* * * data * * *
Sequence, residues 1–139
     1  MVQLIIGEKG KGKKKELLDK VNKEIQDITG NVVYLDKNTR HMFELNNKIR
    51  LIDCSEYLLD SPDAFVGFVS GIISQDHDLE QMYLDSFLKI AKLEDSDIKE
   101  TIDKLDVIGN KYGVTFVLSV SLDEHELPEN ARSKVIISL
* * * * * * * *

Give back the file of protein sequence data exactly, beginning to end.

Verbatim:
Sequence, residues 1–139
     1  MVQLIIGEKG KGKKKELLDK VNKEIQDITG NVVYLDKNTR HMFELNNKIR
    51  LIDCSEYLLD SPDAFVGFVS GIISQDHDLE QMYLDSFLKI AKLEDSDIKE
   101  TIDKLDVIGN KYGVTFVLSV SLDEHELPEN ARSKVIISL